Changing Narratives: Indigenous Artifacts
Archaeologists do not work alone. In some towns in Córdoba, citizens care about indigenous remains and are true guardians of archaeological materials, considered to be heritage. They form collections of ceramic, stone and bone elements, which are cared for in local museums. The archaeological materials that collectors rescue come from:
- Great construction works that unearth archaeological remains.
- Rescues made by collectors on expeditions through the mountains and forests
- Donations from neighbors who find them in their yards and gardens.
Many of these materials are exposed on the surface of the ground due to the action of rain, and if they are not recovered in time, they run the risk of being lost.
Collectors are familiar with scientific archeological research, but also make their own interpretations of archaeological heritage. They do not always coincide, but they contribute to what archaeologists think. For example, a characteristic artifact from the indigenous groups in the area are ceramic figurines of men and women, sometimes of children. They have a body, legs, and head, but no arms, and are about 4 inches tall. They have a lot of detail on their faces, and have skirts, shirts and hats, as well as ornaments such as necklaces, tattoos and hairstyles with braids and headbands. Archaeologists think that each figurine represented a different person, possibly dead, and that making them was a way of remembering them.
Some collectors we spoke with told us that they believe the figurines were charms, formerly used in rituals, but that now they are objects that bring luck or can scare people. Daniel, a collector, says that a statue that he found is very special. Walking in the forest on a very hot day, Daniel felt that something important was going to happen, and he was moved when he found the head of a strange statuette, with something of an animal and something of a person. He knelt down, picked her up, and his heart skipped a beat because in that instant he felt that it was a magical object. Daniel brought the figurine to his house, even though he was scared. During the night, he heard noises and thought about getting rid of it. One day he asked it, "bring me luck in the lottery or I'll send you back to the forest," and that same day he won. From then on, he was no longer afraid and the figurine continued to bring him luck. However, Daniel knows that the figurine is heritage and today it is in the Museum of his city. Now everyone can see it, and the municipality has taken it as its symbol and it is part of the identity of all citizens.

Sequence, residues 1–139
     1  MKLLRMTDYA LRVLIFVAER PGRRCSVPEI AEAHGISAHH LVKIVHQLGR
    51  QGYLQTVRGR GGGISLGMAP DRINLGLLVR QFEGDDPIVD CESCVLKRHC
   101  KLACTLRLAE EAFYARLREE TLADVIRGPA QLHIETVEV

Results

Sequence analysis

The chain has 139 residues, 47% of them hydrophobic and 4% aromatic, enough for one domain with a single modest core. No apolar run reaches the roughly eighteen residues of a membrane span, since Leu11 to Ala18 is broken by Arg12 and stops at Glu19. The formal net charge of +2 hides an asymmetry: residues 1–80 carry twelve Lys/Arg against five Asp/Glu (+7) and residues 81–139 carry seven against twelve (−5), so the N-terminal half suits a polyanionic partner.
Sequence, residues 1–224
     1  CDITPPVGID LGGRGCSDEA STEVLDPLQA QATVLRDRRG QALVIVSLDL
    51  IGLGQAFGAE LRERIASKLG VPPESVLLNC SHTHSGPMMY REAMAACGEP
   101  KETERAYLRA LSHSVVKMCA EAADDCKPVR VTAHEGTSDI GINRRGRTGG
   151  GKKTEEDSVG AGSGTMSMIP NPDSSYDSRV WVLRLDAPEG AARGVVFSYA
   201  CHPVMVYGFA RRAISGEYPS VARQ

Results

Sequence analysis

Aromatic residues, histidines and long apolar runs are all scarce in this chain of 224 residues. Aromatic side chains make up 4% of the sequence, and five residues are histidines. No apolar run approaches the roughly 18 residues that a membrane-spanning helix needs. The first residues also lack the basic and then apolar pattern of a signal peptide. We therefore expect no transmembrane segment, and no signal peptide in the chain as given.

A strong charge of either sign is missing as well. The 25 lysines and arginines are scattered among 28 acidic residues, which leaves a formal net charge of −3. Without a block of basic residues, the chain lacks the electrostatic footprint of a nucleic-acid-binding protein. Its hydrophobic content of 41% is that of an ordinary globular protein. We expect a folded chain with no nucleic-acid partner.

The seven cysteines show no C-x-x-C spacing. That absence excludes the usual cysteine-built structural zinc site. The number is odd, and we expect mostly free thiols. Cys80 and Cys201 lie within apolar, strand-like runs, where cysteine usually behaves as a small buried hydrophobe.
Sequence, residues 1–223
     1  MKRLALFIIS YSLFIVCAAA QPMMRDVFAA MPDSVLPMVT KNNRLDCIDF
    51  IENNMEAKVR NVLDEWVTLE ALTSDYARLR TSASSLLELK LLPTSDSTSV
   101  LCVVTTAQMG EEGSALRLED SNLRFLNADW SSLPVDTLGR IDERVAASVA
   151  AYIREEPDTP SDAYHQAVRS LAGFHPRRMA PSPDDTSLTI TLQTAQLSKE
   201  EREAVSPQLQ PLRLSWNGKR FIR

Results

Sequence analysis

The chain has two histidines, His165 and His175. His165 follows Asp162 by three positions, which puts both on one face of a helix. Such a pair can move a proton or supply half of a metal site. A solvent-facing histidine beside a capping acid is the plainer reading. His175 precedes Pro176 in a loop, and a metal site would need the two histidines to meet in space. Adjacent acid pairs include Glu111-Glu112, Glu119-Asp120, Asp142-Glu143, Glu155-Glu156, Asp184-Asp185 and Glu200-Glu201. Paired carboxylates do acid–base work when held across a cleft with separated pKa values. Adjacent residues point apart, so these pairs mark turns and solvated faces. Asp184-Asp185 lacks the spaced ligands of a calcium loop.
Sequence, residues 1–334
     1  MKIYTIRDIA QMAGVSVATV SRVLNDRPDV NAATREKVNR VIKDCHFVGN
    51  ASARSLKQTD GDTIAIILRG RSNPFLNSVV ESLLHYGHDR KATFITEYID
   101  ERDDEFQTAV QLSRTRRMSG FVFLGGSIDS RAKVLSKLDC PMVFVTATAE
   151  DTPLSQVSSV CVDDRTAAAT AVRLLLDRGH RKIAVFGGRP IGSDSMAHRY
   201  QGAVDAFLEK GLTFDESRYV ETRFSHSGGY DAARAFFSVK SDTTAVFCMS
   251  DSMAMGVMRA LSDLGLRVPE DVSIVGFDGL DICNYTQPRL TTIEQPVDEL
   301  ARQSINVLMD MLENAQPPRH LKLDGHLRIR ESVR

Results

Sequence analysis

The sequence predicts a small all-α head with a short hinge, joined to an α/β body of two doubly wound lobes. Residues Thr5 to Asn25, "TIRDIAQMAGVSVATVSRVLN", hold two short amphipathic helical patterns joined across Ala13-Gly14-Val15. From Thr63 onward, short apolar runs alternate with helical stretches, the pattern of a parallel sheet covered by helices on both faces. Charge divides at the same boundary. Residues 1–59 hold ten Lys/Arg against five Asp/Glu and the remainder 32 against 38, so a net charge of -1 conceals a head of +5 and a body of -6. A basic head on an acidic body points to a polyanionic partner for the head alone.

The men and women of this society knew very well the environment where they lived. They knew precisely where the best places to hunt were and what the habits of the animals were. They also knew where to find the best stones to make their weapons and good clays to make their vessels. Fundamentally, they knew the landscape, the climate, and other natural phenomena very well. They knew that in the Chaco, in the summer, sometimes it rains in one place and but doesn’t rain a short distance away. Other times hail falls in one area but not across the field. In the past, invasions of large numbers of grasshoppers that ate all crops were also very common. To avoid all these problems, and using their knowledge of the environment, they planted their corn in separate places from each other. Therefore, for example, if hail fell on one side, it probably would not fall on another; or the grasshoppers would eat only a part of their crops.
They also knew where the best places in the environment were to set up their villages: they did it a little distance from the rivers because in the summer there are suddenly very dangerous floodwaters. As it is a landscape with mountains, they chose places to build their houses halfway between the plains and the highlands. That way they could go to the plains to take care of their crops and look for fruits in the forest or go hunting in the mountains and return home the same day.
The construction of the houses was very particular. They are known as "pit-houses". Instead of building walls, they dug a large rectangular pit in the ground and roofed it with branches and straw. From the outside, this looked like a roof sitting just above the ground. On the inside, it was sort of like a basement room with an opening around the top of the wall, just below the ceiling. These houses were cool in the summer and warm in the winter, and they were protected from the wind. As only the roof was visible, the houses were almost hidden in the landscape. From a distance, their location was indicated by their cornfields or by the smoke from the fireplaces. We don’t know how many people lived in each house. When the Spaniards arrived, they were amazed at their size and said that eight horses and their riders could fit inside a single house! It is possible then that there were many people living there. The same family lived in each house for a long time. Always one house was close to another and they formed villages. There were villages with few houses and other very large ones of up to 40 houses.
at Córdoba's Museum of Anthropology
at Parque Temático Yucat
at Parque Temático Yucat
at Parque Temático Yucat
pit-house in winter
at Parque Temático Yucat
at Parque Temático Yucat